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Relief in America

  • November 7th, 2012
  • Posted by EUEditor

michelle-barak.jpgPresident Barack Obama has overcome savage impacts of an economic down-turn in his electorate to claim re-election in the United States.

WINNING MARGIN

Some twelve hours after the close of polling, in the Eastern USA, authoritative sources had given him 290 Electoral College votes against 206 for his Republican Party opponent, Mitt Romney – with 270 needed to claim victory.

(Still 42 were to be counted, out of the total 538).

He had beaten off a huge challenge from the Republican opposition, proposing a version of the winning 1980 formula of the late Ronald Reagan: “cut taxes and make American great again” (through massive new military spending). Each side is estimated to have spent one-billion dollars (A$955-million; xe.com, 7.11.12) on their national campaigns; voters everywhere were left groaning over the saturation of combat advertisements on television.

The Republicans had patched over internal divisions between more conventional groups and the rightist “Tea Party” formation; and will retain blocking power in the parliament, where they will hold onto a majority in the Congress and have a large delegation in the finely balanced Democratic Senate.

CELEBRATIONS, AND REACTIONS

President Obama, who celebrated this time with a family-orientated message by Twitter (see picture), elected in 2008 on a platform of social justice and aspirational “hope”, ran into the Global Financial Crisis, which began just before he came into office. With unemployment in the 8% range, his administration was at risk of being comprehensively blamed, or abandoned in desperation by voters.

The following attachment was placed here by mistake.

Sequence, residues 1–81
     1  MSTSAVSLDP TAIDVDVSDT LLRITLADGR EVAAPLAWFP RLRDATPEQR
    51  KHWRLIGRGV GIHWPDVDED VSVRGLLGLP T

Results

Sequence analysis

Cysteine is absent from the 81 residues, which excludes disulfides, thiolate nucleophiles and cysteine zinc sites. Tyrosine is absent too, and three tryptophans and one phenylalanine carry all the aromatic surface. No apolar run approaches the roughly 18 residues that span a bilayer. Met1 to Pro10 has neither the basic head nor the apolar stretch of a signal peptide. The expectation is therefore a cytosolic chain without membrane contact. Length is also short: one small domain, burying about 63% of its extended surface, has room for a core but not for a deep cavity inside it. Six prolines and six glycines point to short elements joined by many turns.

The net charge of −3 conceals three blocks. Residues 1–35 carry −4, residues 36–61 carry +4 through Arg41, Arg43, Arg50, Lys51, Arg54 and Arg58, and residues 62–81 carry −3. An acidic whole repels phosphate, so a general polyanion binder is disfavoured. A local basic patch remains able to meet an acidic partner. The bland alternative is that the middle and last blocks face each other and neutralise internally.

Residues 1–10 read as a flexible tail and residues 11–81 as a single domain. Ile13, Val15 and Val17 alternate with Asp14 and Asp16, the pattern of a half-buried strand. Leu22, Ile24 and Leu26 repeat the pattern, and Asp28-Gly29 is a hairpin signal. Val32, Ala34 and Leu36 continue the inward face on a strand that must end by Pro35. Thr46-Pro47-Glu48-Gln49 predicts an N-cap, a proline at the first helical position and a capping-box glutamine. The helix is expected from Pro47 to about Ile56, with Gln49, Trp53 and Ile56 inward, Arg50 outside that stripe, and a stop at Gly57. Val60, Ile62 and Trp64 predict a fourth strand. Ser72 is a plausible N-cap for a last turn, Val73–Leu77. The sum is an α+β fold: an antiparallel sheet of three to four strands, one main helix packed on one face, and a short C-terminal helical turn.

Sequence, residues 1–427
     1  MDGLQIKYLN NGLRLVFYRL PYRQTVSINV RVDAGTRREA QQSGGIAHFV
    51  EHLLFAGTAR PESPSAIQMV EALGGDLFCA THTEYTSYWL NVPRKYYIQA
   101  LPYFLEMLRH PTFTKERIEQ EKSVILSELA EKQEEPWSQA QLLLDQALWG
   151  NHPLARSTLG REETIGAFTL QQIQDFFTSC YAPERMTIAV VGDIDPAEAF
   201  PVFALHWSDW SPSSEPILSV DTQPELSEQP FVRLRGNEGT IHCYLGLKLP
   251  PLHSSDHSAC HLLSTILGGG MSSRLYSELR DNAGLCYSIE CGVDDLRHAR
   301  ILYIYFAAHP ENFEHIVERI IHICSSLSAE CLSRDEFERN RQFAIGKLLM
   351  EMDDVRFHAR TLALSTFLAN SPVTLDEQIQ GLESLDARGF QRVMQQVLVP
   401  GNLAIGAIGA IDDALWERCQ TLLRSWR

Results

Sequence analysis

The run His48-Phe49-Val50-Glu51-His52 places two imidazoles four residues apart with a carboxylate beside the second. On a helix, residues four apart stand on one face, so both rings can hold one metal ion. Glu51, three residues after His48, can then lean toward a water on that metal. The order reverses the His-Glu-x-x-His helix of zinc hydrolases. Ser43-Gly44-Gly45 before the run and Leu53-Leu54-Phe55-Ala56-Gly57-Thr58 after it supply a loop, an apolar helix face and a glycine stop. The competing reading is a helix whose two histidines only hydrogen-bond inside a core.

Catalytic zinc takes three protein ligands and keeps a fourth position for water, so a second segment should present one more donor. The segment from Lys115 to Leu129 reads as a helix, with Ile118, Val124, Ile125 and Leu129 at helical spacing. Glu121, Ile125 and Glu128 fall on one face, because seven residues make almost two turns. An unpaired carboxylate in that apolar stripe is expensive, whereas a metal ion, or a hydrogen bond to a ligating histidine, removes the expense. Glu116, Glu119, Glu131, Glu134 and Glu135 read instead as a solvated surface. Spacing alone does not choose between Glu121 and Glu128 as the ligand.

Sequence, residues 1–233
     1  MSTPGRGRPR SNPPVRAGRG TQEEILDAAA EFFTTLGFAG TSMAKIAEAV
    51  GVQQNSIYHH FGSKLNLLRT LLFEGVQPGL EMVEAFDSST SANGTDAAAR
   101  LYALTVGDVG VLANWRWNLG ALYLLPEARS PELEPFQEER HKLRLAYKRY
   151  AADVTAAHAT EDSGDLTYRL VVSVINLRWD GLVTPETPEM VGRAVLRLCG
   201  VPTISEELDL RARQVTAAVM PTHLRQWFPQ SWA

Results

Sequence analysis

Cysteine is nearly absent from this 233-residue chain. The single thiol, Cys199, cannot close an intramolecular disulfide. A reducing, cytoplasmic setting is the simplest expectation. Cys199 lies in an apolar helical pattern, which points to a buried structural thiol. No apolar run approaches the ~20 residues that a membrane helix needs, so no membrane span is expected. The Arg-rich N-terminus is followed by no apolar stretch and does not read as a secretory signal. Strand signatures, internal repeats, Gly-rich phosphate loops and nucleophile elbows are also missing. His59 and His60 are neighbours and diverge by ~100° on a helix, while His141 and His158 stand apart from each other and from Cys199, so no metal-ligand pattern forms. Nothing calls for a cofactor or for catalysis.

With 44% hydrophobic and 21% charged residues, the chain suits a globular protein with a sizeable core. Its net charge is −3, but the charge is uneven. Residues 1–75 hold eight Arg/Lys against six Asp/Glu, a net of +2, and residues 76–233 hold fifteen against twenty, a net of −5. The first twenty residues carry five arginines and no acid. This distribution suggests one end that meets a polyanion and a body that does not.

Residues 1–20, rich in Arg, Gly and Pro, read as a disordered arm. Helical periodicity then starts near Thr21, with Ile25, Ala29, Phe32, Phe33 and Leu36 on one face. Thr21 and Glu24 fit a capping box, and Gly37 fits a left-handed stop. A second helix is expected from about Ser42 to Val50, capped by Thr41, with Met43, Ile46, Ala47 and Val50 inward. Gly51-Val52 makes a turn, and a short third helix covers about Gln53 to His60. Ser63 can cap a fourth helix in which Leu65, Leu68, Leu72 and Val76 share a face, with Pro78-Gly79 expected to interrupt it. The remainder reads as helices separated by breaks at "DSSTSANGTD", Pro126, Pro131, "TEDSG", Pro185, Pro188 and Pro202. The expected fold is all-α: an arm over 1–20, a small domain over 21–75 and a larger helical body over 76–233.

Initial responses in Europe, in 2012 came from the financial sector which noticed a faltering in the price of the US dollar as the news arrived on money markets.

Said Reuters, assessing media responses:

“U.S. President Barack Obama … won the less than resounding backing of European newspapers, which concluded he had done just about enough to deserve re-election in favour of a flip-flopping Republican challenger.

“Support for the incumbent was often based more on what he had avoided – an economic depression in America – than on his achievements in office.”

An achievement was national medical insurance, which Mr Romney had pledged to disband, while the immediate next big step will be a fiscal reckoning, handling huge national debt during a slow economic recovery.

The Australian government had given notice it was wanting a more pro-active US policy; the Treasurer, Wayne Swan, meeting finance ministers of the “G20” countries in Mexico (4.11.12), said most agreed that more needed to be done to rein in the US budget deficit – to help with a fragile world economic recovery.

Efforts by European countries to integrate economic policy and management should be stepped up, he said.

See also, election of Obama in 2008, EUAustralia Online: “Europeans want change in USA”, 3.11.08; “‘Old Europe’ likes new President”, 5.11.08.

Reference

Michael Heath, “Australia’s Swan Says G-20 Views Global Recovery as ‘Fragile’”, Bloomberg, NY, 4.11.12. http://www.bloomberg.com/news/2012-11-04/australia-s-swan-says-g-20-sees-global-recovery-as-fragile-.html, (7.11.12).

Reuters, London, “Two cheers for Obama”, 7.11.12. http://news.yahoo.com/two-cheers-obama-europes-press-172642048–sector.html,(7.11.12).

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